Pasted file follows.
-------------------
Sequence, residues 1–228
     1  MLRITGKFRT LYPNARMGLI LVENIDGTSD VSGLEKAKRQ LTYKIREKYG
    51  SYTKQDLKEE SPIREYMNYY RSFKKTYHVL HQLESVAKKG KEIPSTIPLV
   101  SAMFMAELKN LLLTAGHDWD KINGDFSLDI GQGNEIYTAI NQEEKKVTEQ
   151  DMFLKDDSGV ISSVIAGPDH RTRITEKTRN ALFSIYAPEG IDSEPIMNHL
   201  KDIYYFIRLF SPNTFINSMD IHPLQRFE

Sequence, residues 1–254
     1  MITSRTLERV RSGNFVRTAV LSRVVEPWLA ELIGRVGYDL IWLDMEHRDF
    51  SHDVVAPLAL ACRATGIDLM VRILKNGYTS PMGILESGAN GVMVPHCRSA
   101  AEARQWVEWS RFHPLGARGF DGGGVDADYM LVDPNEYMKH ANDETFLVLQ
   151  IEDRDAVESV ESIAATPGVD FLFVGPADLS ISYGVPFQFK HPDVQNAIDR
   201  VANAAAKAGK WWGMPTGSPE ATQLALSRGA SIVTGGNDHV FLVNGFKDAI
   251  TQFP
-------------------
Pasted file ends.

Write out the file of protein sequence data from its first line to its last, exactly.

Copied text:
Sequence, residues 1–228
     1  MLRITGKFRT LYPNARMGLI LVENIDGTSD VSGLEKAKRQ LTYKIREKYG
    51  SYTKQDLKEE SPIREYMNYY RSFKKTYHVL HQLESVAKKG KEIPSTIPLV
   101  SAMFMAELKN LLLTAGHDWD KINGDFSLDI GQGNEIYTAI NQEEKKVTEQ
   151  DMFLKDDSGV ISSVIAGPDH RTRITEKTRN ALFSIYAPEG IDSEPIMNHL
   201  KDIYYFIRLF SPNTFINSMD IHPLQRFE

Sequence, residues 1–254
     1  MITSRTLERV RSGNFVRTAV LSRVVEPWLA ELIGRVGYDL IWLDMEHRDF
    51  SHDVVAPLAL ACRATGIDLM VRILKNGYTS PMGILESGAN GVMVPHCRSA
   101  AEARQWVEWS RFHPLGARGF DGGGVDADYM LVDPNEYMKH ANDETFLVLQ
   151  IEDRDAVESV ESIAATPGVD FLFVGPADLS ISYGVPFQFK HPDVQNAIDR
   201  VANAAAKAGK WWGMPTGSPE ATQLALSRGA SIVTGGNDHV FLVNGFKDAI
   251  TQFP